In 2006, my mother was diagnosed with acute leukemia. She had been suffering from myeloma (a type of bone marrow cancer) for seven years and knew it could turn malignant, which it did in September of that year. She was given about another five months to live.
My mother lived in the Netherlands and I was visiting when she was diagnosed. She indicated from the beginning, after a long talk with the oncologist and her GP, that she would choose euthanasia.
The first thing my mother had to do was to make a living will stating her wishes for end-of-life medical care. Next, her GP, who was going to perform the euthanasia, had to meet with her oncologist because they both had to agree she was a suitable candidate and that her condition was terminal.
My mother was 76 and was told by her oncologist that to treat her for acute leukemia would be a hard road. She was given a choice — if she wanted to, they would treat her, but they would recommend not to do so. She chose not to be treated and to go into palliative care straight away. My mother wanted also very much to be able to stay at home. She did not want to go into hospital for her final days — so we nursed her at home.
Once it had been decided between the oncologist and the GP that she was a suitable candidate for euthanasia, the process was set in motion because there is a lot of paperwork to be sorted out. In the meantime my mother had numerous blood transfusions, which, until about Christmas that year, gave her a reasonable quality of life. But it came to a point that they did not work anymore.
During this time an independent medical person who was a doctor but also a psychologist came to the house for an intensive interview. He spoke to my mother alone to make sure that she had made the right decision and that there had been no pressure. Then the rest of the family was asked to come inside. They were the people who would be present once the euthanasia was going to be done. That was myself, my brother and his wife and my father. It was a roundtable discussion where some confronting questions were asked of everybody. I think they did that because they wanted to make absolutely sure there was not any coercion and that my mother had made the decision herself. I, for instance, was asked ‘Do you want your mother to have euthanasia so that you can go back home to Australia?’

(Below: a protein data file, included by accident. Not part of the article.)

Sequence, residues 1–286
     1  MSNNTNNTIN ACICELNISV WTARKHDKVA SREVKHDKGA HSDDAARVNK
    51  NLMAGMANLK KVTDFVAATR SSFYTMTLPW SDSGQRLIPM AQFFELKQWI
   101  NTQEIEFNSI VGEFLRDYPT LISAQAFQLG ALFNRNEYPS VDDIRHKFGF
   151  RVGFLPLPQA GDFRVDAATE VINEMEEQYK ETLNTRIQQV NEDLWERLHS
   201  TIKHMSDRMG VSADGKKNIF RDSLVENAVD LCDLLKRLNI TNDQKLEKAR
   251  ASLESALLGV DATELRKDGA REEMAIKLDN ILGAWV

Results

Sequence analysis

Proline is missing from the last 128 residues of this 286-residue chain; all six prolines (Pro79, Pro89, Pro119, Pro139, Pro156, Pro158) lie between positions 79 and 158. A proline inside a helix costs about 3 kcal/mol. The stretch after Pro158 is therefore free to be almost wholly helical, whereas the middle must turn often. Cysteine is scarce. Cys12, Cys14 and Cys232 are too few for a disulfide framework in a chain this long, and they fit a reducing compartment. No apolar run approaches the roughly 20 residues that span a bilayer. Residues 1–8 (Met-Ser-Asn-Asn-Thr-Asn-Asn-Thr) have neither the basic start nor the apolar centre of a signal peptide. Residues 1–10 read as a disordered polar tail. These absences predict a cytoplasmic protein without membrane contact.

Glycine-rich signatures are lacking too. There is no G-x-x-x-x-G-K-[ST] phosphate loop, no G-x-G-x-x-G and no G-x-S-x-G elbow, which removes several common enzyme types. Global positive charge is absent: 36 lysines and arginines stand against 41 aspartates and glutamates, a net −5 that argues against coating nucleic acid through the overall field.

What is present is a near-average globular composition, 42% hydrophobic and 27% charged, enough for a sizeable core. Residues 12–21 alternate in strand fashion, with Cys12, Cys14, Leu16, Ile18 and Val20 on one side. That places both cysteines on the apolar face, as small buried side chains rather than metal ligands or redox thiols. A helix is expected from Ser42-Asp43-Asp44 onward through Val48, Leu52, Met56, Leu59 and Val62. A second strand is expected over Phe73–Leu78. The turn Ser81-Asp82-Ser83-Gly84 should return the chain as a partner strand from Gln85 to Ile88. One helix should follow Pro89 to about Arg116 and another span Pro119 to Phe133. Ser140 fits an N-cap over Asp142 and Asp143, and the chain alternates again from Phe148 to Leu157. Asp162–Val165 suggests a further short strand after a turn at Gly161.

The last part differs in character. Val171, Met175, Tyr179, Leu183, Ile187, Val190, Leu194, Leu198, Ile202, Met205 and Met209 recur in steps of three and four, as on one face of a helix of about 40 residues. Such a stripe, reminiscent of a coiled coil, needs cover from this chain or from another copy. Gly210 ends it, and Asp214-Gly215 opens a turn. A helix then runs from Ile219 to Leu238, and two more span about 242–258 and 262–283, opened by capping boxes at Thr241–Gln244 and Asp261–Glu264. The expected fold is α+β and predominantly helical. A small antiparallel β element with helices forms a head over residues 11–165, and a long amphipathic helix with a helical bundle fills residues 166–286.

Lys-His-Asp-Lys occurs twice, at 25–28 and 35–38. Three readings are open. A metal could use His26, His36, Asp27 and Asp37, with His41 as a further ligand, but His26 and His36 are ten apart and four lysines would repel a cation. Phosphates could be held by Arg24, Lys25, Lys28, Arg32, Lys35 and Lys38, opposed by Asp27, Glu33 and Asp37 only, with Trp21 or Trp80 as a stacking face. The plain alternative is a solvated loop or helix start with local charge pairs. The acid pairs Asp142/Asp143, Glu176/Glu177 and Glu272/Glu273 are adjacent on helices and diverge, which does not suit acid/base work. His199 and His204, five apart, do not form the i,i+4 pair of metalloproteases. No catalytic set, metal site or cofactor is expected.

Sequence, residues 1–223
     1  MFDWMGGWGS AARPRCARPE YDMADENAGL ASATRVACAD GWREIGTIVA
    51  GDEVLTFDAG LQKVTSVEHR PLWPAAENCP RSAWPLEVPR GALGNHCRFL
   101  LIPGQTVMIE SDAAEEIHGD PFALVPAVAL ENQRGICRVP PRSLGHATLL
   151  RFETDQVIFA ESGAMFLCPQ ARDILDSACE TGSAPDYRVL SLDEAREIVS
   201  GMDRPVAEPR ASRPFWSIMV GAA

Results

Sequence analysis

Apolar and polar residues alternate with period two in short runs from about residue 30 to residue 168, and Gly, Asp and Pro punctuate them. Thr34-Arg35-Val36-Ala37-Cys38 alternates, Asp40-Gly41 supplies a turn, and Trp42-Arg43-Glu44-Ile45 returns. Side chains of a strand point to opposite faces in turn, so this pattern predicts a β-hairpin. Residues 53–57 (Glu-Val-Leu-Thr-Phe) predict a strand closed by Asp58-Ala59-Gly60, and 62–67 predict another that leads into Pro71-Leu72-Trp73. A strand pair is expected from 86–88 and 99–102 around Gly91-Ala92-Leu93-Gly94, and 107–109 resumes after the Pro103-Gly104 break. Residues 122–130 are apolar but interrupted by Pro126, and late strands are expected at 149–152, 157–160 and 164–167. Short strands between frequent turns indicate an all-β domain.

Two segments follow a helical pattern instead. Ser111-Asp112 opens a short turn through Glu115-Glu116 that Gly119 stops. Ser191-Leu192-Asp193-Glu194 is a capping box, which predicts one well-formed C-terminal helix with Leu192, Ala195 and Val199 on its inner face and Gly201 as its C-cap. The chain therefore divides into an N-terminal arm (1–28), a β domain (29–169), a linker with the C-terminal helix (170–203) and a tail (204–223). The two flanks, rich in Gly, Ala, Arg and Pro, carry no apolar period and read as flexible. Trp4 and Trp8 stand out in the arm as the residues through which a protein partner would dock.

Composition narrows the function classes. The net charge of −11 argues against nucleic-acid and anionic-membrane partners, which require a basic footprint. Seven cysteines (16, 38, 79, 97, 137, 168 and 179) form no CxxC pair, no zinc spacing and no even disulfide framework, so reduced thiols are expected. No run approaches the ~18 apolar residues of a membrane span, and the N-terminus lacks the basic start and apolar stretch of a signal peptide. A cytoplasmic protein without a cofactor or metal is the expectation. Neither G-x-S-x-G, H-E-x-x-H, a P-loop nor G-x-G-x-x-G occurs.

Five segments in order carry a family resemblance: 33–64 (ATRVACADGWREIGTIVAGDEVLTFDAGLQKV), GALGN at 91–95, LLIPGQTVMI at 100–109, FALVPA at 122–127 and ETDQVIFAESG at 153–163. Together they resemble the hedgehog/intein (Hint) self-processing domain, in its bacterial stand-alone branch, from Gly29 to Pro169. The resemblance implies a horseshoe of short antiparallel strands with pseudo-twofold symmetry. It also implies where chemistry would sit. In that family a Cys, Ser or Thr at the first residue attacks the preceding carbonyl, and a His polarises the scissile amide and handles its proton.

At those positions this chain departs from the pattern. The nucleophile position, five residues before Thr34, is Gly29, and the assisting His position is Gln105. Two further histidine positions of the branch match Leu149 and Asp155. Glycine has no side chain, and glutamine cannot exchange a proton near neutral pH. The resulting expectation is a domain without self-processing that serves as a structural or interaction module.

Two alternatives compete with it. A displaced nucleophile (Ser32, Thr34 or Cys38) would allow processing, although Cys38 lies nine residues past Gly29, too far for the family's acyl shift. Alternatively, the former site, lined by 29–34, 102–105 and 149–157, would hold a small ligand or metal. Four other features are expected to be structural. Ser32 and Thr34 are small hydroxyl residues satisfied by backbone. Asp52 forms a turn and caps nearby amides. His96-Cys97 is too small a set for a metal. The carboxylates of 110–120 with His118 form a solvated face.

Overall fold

When the time came, when the situation was deteriorating and her health was really fading, the biggest and most difficult decision my mother had to make was the day and time that this was going to happen. In the end she decided it was going to be a Friday at eight o’clock in the evening.
We advised the GP and he set in motion anything else that had to be organised. On the day, the GP came to the house at 2pm and inserted a cannula in my mother’s hand. Then he left.
That gave us six hours to gather the family and be with her. She was very weak at that time. She was ready, too. She had had enough. She was bedridden now and very uncomfortable but alert. A stipulation was that at any time this was going to happen, my mother would have to have the mental capacity to say, ‘Yes, this is what I want’. If, for instance, she had lost consciousness on that afternoon, it would not have happened.
We all said our goodbye, which was very emotional, but she did not waiver. She was amazingly alert and strong.
The GP arrived just before eight o’clock. He advised us that there was a person outside in a car who would wait until half an hour after the procedure, then come in to make sure everything had gone according to the regulations. The GP asked my mother if this was what she wanted. She had to say ‘This is what I want’. He then put an injection in the cannula. In a matter of seconds she just fell asleep.
After going through those weeks with my mother, my opinion is that the euthanasia was wonderful and gave her a lot of power because she was in charge. She could say, ‘No, I don’t want to go into hospital’, ‘No, I don’t want to do this’, ‘This is how I want it. I want to be at home, ‘This is how I want it done with my family around me’.
It also prevented her having to go through those last agonising days or a week. Maybe it is a strange word to use, but it was a beautiful procedure and it gave my mother such peace of mind. She died on January 6, 2007.
Grytsje Doust, December 2018